Later that day the Sues found the Corte Madera home in which Jackie still lives today after 40 years.  But that was only the beginning of Jackie’s Marin adventure.   In 1981 she went on to become the first African-American U.S. Postmaster in Marin’s history and the third woman in Marin to hold such a position.  She retired from her 30 year postal career after holding the position of National Program Manager of Community Relations in Washington, D.C.   Jackie also obtained her Masters from the San Francisco Theological Seminary in San Anselmo and raised two daughters, putting them through the Marin public school system.

In Cornbread she recalls taking her eldest daughter to Granada school for the first time during the early 1970s:

[blockquote type="blockquote_quotes" align="center" width="700"]

Getting out of my car in the school parking lot, I looked around at the impressive building with its well-groomed playground and thought to myself, “The renowned architect, Frank Lloyd Wright, could have designed this.”

Granada school was a unique ultra modern looking structure.  Each classroom for grades one through five was an individual six-sided pod connected by vine-covered trellis pathways to the center courtyard like the spokes in a wheel.  Classes were assigned names from the Greek alphabet, Alpha for kindergarten, Beta for first grade and so forth.  I held the little hand of my very frightened and shy daughter as we entered the school office.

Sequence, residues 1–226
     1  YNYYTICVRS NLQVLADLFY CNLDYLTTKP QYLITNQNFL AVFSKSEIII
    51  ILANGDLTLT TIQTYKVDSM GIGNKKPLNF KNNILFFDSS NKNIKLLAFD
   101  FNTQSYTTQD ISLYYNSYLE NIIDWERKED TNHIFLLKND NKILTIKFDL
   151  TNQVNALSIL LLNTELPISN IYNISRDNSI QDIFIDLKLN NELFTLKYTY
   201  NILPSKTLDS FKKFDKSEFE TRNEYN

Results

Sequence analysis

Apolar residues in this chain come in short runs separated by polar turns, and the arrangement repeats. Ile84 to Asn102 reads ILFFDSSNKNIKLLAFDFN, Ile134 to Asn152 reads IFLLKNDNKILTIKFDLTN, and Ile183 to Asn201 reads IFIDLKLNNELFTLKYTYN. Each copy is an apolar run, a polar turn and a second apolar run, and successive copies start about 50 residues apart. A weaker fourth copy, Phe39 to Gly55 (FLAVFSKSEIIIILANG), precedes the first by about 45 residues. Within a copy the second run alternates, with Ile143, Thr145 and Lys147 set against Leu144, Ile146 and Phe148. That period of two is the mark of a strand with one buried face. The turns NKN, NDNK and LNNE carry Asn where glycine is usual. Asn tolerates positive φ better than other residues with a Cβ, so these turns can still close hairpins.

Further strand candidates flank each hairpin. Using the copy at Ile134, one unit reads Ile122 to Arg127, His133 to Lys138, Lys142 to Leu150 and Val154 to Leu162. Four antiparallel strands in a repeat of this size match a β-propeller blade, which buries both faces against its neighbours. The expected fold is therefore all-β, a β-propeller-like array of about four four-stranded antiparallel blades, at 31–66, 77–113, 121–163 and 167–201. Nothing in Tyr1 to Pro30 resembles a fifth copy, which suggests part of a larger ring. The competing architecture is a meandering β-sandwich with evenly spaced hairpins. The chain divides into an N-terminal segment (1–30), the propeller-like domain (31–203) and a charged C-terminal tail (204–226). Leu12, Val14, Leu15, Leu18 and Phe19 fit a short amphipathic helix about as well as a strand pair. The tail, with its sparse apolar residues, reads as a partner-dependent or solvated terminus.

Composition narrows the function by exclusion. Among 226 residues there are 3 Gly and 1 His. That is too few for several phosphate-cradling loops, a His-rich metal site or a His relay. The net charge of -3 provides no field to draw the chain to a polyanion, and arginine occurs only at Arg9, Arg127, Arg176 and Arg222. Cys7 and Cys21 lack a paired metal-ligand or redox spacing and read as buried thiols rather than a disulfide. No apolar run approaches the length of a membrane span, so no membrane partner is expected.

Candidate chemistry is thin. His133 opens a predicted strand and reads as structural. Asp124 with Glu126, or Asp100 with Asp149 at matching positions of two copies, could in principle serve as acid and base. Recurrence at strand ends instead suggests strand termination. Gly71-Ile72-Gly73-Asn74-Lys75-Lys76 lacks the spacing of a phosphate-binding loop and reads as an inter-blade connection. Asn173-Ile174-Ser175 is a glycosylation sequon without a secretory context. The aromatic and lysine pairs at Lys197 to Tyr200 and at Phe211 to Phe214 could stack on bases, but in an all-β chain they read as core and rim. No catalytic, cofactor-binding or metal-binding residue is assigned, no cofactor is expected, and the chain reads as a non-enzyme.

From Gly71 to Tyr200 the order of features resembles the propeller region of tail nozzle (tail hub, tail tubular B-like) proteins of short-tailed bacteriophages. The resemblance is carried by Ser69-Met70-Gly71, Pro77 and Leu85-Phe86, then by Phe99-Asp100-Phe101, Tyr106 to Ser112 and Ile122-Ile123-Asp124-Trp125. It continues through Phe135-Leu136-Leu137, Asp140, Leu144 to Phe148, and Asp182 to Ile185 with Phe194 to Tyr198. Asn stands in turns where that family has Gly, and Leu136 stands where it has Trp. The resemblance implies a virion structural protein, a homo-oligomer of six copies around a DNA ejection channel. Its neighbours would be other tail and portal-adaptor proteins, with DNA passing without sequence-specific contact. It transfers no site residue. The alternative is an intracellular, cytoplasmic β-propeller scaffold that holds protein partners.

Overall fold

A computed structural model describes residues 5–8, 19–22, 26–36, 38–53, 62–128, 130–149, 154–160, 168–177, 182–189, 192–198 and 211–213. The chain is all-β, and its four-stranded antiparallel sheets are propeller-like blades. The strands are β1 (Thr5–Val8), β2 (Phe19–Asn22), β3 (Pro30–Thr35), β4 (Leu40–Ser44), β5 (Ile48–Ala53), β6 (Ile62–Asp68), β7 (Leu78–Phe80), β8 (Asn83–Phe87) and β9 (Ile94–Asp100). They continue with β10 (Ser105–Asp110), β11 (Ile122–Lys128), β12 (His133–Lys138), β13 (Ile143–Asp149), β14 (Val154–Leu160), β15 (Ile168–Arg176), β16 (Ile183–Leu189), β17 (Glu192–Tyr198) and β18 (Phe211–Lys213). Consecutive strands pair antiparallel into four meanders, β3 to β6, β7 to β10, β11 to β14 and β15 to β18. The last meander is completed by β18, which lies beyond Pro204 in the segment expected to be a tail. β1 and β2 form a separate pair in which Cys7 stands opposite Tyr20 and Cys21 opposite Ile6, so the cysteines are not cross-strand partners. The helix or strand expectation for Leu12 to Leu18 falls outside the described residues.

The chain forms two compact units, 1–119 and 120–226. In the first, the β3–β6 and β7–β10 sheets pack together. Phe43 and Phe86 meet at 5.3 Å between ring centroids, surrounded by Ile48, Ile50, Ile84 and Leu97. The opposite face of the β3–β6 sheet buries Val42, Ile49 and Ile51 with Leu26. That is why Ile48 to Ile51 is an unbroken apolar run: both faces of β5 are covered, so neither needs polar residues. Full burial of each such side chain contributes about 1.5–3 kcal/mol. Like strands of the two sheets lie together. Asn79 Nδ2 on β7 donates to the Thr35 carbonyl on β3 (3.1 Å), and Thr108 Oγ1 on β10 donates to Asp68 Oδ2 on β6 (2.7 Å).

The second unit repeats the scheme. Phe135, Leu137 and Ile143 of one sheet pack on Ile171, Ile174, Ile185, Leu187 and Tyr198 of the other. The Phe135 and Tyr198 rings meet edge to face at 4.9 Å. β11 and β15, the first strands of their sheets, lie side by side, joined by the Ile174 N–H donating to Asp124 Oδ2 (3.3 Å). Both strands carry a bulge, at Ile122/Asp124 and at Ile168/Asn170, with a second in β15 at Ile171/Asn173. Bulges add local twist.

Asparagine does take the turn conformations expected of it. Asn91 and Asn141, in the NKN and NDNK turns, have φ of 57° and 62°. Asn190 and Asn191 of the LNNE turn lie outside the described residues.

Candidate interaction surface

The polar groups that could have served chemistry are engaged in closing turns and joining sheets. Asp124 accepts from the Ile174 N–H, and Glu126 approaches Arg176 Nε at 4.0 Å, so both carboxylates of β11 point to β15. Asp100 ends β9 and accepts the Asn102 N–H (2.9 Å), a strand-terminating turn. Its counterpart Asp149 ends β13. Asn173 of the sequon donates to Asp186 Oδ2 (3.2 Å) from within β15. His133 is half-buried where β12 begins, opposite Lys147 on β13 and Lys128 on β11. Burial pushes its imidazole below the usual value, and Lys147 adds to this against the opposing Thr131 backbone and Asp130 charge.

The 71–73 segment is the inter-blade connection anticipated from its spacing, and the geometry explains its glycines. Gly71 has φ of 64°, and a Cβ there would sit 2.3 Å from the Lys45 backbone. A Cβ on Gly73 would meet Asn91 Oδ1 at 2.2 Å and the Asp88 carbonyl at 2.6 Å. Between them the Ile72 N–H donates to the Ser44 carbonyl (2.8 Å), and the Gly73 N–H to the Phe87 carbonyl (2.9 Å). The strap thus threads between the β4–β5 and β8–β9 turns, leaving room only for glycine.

The school secretary announced our presence to the principal, a tall willowy middle-aged brunette.  I could see the immediate shock on her face as she came out of her office and took in the appearance of two chocolate-colored faces staring at her.  As she abruptly halted in her approach, I got the feeling she was expecting us to be Chinese, by the way she knitted her eyebrows and said in a questioning tone “Mrs. Sue?” as though there were more than one mother and daughter pair waiting outside her office.

Careful not to let my uneasiness about her mannerisms show, I gently assured her that yes, I was the Mrs. Sue she was expecting and introduced her to a trembling little Khedda.  A now overly friendly and nervous principal began to chat with me as she made little overtures to try and draw Khedda out from behind my skirt where she hid.

“Khedda, I think you will enjoy your teacher, Miss Mason,” Mrs. Jensen said as she made a feeble attempt to take Khedda’s little brown hand.  Khedda tucked her hand into mine and dropped her wide eyes, ignoring the tall woman as only a child can do.